China’s war on pollution targets steel mill slag heaps
- World’s biggest steelmaker produces a 100 million tonnes of waste but less than a third of that is recycled
China’s self-styled war on pollution is extending to a new front: the solid waste that makes up thousands of slag heaps around the country, a by-product of its record steel output.
Beijing has been fighting to clean up the nation after years of breakneck economic growth took their toll on the environment, with its massive steel sector bearing the brunt of its vigorous campaign.
Hundreds of steel mills have been shut over the last few years for failing to comply with tougher environmental rules, with others forced to install better equipment to curb emissions and use higher-quality raw materials such as iron ore and coking coal.
But now industrial debris like slag is increasingly coming under the spotlight as well, potentially pressing steelmakers to tackle the pilings problems head on at a time when they are grappling with weaker profit margins.
“We will spare no effort in addressing solid waste-related environmental issues by strengthening inspections and improving disposal capabilities for dangerous waste,” the Ministry of Ecology and Environment said in response to questions about the push against such pollution.
The world’s top crude steel producer, which last year made a record 831.7 million tonnes of the material, churns out over 100 million tonnes of steel slag annually.
However, the industry recycles less than a third of that waste into products such as cement or concrete, leaving the rest stacked in heaps or dumped illegally.
That compared to slag utilisation rates of around 98 per cent in Japan and 87 per cent in Europe, the University of Science and Technology Beijing said in a study published in June.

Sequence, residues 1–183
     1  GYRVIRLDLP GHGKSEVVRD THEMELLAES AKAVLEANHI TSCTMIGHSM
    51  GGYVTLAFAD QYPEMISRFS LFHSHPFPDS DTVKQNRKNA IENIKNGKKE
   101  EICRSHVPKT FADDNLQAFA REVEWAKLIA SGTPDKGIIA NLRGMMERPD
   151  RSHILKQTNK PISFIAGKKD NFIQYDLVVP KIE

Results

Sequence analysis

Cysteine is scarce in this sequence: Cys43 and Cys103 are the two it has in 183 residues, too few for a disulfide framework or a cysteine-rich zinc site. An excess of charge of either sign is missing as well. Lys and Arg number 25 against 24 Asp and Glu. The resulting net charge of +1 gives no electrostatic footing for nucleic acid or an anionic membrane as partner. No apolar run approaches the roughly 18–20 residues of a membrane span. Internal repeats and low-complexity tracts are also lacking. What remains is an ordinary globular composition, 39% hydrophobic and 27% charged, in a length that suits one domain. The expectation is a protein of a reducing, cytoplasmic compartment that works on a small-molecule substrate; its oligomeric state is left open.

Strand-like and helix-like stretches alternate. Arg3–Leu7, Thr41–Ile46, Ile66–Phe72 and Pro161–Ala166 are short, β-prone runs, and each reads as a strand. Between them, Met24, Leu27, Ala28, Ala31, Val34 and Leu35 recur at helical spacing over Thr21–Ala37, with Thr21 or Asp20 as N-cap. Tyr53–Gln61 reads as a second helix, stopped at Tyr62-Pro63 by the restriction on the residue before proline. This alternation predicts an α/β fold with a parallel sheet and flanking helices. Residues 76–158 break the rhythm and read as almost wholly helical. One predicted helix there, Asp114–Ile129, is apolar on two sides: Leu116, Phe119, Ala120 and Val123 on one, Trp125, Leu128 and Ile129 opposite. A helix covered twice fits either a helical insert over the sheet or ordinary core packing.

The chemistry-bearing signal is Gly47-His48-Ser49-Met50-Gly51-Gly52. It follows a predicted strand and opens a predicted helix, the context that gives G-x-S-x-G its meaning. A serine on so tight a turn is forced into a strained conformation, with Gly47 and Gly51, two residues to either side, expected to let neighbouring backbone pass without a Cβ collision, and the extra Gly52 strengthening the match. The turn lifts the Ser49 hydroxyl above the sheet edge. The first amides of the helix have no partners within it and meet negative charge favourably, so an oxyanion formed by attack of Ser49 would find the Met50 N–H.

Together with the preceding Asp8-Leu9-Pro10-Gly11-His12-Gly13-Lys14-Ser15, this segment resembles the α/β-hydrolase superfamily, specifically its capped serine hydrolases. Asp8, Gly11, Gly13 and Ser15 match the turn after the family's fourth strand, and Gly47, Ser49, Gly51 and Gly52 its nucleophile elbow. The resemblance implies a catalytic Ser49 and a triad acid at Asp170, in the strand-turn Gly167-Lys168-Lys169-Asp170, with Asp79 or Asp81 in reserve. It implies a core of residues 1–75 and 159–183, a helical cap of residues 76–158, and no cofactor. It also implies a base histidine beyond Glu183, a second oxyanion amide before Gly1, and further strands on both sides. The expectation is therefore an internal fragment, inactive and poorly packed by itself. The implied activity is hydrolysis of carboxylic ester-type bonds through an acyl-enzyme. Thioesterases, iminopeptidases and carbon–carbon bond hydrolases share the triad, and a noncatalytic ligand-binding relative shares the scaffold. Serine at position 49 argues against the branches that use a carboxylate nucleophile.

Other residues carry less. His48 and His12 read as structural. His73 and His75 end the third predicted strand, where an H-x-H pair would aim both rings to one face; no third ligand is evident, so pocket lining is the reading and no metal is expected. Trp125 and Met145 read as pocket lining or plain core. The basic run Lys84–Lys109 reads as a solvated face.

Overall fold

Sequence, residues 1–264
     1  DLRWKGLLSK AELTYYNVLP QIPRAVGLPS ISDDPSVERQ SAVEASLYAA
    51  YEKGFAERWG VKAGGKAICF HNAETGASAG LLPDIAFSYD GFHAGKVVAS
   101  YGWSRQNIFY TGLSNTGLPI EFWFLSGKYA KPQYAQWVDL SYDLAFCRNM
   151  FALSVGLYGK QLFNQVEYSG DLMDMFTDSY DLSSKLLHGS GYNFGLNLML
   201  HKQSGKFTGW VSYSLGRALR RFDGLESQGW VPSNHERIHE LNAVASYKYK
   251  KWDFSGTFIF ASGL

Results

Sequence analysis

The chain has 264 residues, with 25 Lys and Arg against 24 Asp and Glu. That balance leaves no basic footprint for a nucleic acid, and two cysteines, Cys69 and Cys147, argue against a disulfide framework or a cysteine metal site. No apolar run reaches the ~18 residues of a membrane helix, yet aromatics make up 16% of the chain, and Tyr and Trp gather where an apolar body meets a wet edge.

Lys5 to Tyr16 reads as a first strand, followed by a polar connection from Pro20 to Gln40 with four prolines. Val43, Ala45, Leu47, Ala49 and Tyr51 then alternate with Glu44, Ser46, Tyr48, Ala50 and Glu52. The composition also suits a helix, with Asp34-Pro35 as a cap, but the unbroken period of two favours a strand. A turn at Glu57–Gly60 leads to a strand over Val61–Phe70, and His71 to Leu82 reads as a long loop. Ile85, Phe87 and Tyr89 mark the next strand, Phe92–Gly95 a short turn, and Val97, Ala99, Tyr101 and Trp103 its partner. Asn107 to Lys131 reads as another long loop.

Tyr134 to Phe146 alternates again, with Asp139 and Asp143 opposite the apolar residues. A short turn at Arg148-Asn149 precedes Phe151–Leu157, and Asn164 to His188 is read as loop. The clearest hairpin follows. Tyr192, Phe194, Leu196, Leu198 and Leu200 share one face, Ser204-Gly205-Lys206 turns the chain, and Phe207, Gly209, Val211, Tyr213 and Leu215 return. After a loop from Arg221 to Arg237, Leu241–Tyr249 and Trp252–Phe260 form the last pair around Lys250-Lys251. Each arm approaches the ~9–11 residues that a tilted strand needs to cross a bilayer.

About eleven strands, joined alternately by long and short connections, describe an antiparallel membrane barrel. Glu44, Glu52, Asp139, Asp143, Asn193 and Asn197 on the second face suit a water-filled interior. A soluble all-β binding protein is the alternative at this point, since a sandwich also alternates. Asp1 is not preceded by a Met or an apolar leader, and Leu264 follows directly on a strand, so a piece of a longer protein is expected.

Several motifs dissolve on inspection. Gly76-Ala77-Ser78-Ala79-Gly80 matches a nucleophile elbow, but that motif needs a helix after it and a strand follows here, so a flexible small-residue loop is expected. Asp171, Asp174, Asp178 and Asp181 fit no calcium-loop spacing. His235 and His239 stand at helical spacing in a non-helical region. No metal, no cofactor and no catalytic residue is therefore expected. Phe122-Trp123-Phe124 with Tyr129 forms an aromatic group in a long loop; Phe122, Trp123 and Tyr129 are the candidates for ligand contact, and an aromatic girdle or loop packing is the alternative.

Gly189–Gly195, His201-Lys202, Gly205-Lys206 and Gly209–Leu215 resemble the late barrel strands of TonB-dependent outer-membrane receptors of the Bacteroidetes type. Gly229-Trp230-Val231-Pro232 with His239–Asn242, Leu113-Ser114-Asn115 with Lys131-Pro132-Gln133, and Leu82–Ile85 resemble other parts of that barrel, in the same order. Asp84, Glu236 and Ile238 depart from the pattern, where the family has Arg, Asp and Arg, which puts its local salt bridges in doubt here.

“This dumped slag has damaged farmland and added pollution to the water and air,” the USTB study said.
Underscoring the government’s ramped up drive against steel waste, it this year began imposing a blanket 25 yuan (US$3.64) levy for every tonne of solid waste generated by industrial companies – that runs to 12.5 million yuan (US$1.82 million) for a mill that produces 500,000 tonnes of slag a year.
China has also intensified its “name-and-shame” tactics, saying in June that the country’s third biggest steelmaker, Jiangsu Shagang Group, had dumped millions of tonnes of untreated waste, including slag, in landfills near the banks of the Yangtze River, contaminating nearby soil and water.
In response, the steelmaker pledged to build a 2 billion yuan slag treatment plant.
“Our company has published our improvement plan,” an official at the office of Shagang’s board of directors said last week.
Last month, the environment ministry accused mid-sized steelmaker Gaoyi Iron and Steel of illegally dumping large amounts of steel slag over a decade. A person who answered the phone at Gaoyi Steel said the company was working to rectify the issue, but declined to give details.
The environment ministry also said it would urge local governments to deal with solid waste issues, undertaking a special campaign to crack down on violations. It did not give further details.
Some producers have already taken steps to fight the problem.
Major steelmaker Anshan Iron and Steel Group (Ansteel) had invested around 1 billion yuan in eight slag processing lines with a total capacity of 11 million tonnes, Zhang Hewu, general manager at company unit Ansteel Green Resources Technology, said.
He said those facilities turned most waste into products such as cement and road construction materials, leaving only about 10 per cent to be stored.
The recycled products were mainly sold in China, with some going to Singapore, Qatar, South Korea and the United States, Zhang said at the firm’s headquarters in the city of Anshan in northeastern China.
Unlike Ansteel, many Chinese mills do not have slag recycling plants, which global firm Harsco Metals & Minerals says is boosting its business processing and recycling slag.
“Job opportunities [for the firm] have risen significantly since the beginning of this year,” said Zhang Yan, China head at Harsco Metals & Minerals, part of diversified firm Harsco Corp.
Harsco handled slag for state-owned mills with total steel production capacity of nearly 40 million tonnes, including a new contract for an 8.5 million-tonne mill, Zhang said, adding that the firm was also getting inquiries from private steelmakers.
But Zhang said there was a lack of financial incentive, for companies to recycle slag, particularly in less developed parts of the country.
A person close to the solid waste department at the environment ministry said targeting such waste was also more difficult than tackling direct air or water pollution, where devices could be used to monitor emissions.
“For solid waste, you can’t send inspectors to monitor a company for 24 hours and see if they dump their trash illegally,” he said.